You may recall our posting last year of Jorge Luis Borges’ review of Orson Welles’ Citizen Kane — surely one of the most Open Culture-worthy intersections of 20th century luminaries ever to occur.[...]
How to take photographs like Ansel Adams did? The question dogs many who’ve recently picked up the camera, especially those directly inspired to do so by he whose black-and-white landscapes practically defined the American West for the 20th century.[...]
A few months ago, Mental Floss put up a post of “Fantastic 120-Year-Old Color Pictures of Ireland.” Fantastic pictures indeed, although the nature of the technology that produced them seems as interesting to me as the 19th-century Irish life captured in the images themselves.[...]
Close your eyes for a moment and picture the artist Vincent Van Gogh. What do you see?
Probably one of the prolific post-Impressionist’s self-portraits.
Imagine the dress up fun we could have in Grandma’s attic, if Grandma were Frida Kahlo (1907 – 1954) and the attic was a sealed off Mexico City bathroom where Grandpa – artist Diego Rivera, natch – had stashed all her stuff.[...]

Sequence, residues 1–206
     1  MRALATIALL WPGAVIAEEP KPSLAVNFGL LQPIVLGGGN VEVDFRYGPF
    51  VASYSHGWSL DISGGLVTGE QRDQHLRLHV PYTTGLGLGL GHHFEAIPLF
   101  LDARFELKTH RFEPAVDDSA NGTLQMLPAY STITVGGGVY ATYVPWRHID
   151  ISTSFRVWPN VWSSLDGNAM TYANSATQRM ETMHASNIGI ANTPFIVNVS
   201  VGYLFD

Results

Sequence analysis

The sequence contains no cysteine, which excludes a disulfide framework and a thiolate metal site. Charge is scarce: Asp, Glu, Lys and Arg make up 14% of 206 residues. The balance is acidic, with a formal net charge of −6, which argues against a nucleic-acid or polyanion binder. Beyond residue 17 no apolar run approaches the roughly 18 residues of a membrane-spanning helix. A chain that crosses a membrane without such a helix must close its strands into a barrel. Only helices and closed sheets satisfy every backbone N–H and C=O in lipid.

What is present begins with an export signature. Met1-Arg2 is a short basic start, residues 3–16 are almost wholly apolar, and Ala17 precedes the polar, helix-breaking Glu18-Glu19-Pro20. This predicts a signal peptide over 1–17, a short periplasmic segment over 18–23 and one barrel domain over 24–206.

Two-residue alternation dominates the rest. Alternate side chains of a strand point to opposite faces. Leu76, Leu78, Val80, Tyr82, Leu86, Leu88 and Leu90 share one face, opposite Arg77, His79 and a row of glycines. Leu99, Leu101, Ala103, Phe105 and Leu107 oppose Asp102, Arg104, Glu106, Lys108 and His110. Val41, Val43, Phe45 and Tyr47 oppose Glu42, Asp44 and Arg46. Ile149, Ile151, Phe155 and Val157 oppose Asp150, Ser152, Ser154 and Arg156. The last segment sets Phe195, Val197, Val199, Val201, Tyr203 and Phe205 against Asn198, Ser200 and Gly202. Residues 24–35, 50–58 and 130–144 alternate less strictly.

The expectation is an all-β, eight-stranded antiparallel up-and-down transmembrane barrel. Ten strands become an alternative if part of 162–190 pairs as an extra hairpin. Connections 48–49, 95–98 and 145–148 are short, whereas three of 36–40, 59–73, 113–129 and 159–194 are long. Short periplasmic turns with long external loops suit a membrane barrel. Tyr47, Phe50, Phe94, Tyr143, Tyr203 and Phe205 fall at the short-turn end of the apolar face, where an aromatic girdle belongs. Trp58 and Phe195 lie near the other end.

Polaroid photography has seen a new wave of interest over the past decade, in large part from young photographers looking to do something different from what they can with the digital technology on which they grew up.[...]
Images courtesy of the Library of Congress.
Actor George Takei was once best known as Star Trek’s Mr. Sulu. He still is, of course, but over the last few years his friendly, intelligent, and wickedly funny presence on social media has landed him a new popular role as a social justice advocate.
Image by Zach Klein
Singer-songwriter Björk, currently enjoying a career retrospective at the Museum of Modern Art, celebrated TED’s billionth video view with a playlist of six treasured TED Talks.
What is any major American city if not an industrial gallery bustling with people and machines? Sometimes the images are bleak, as with the photo essays that often circulate of Detroit’s beautiful ruin; sometimes they are defiantly hopeful, as with those of the rising of New Orleans; and sometimes they are almost unfathomably monumental, as wit[...]